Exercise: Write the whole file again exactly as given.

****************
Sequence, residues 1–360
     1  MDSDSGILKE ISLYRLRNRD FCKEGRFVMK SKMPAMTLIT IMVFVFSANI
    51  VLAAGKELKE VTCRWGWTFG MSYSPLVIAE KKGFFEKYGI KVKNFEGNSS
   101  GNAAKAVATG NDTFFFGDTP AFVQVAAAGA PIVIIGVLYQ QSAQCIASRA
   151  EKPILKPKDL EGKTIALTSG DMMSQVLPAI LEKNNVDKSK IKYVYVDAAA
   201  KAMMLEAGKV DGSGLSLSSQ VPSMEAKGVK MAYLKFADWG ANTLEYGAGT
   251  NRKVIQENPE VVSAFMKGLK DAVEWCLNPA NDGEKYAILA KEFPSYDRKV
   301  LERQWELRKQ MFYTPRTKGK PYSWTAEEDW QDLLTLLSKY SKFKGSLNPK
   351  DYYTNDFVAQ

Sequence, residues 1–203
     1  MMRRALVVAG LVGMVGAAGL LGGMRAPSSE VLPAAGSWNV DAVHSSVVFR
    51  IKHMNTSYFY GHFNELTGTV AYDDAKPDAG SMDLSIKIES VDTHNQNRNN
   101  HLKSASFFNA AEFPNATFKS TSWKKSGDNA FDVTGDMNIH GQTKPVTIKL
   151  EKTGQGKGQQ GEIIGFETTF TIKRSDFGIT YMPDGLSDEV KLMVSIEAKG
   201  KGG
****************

Sequence, residues 1–360
     1  MDSDSGILKE ISLYRLRNRD FCKEGRFVMK SKMPAMTLIT IMVFVFSANI
    51  VLAAGKELKE VTCRWGWTFG MSYSPLVIAE KKGFFEKYGI KVKNFEGNSS
   101  GNAAKAVATG NDTFFFGDTP AFVQVAAAGA PIVIIGVLYQ QSAQCIASRA
   151  EKPILKPKDL EGKTIALTSG DMMSQVLPAI LEKNNVDKSK IKYVYVDAAA
   201  KAMMLEAGKV DGSGLSLSSQ VPSMEAKGVK MAYLKFADWG ANTLEYGAGT
   251  NRKVIQENPE VVSAFMKGLK DAVEWCLNPA NDGEKYAILA KEFPSYDRKV
   301  LERQWELRKQ MFYTPRTKGK PYSWTAEEDW QDLLTLLSKY SKFKGSLNPK
   351  DYYTNDFVAQ

Sequence, residues 1–203
     1  MMRRALVVAG LVGMVGAAGL LGGMRAPSSE VLPAAGSWNV DAVHSSVVFR
    51  IKHMNTSYFY GHFNELTGTV AYDDAKPDAG SMDLSIKIES VDTHNQNRNN
   101  HLKSASFFNA AEFPNATFKS TSWKKSGDNA FDVTGDMNIH GQTKPVTIKL
   151  EKTGQGKGQQ GEIIGFETTF TIKRSDFGIT YMPDGLSDEV KLMVSIEAKG
   201  KGG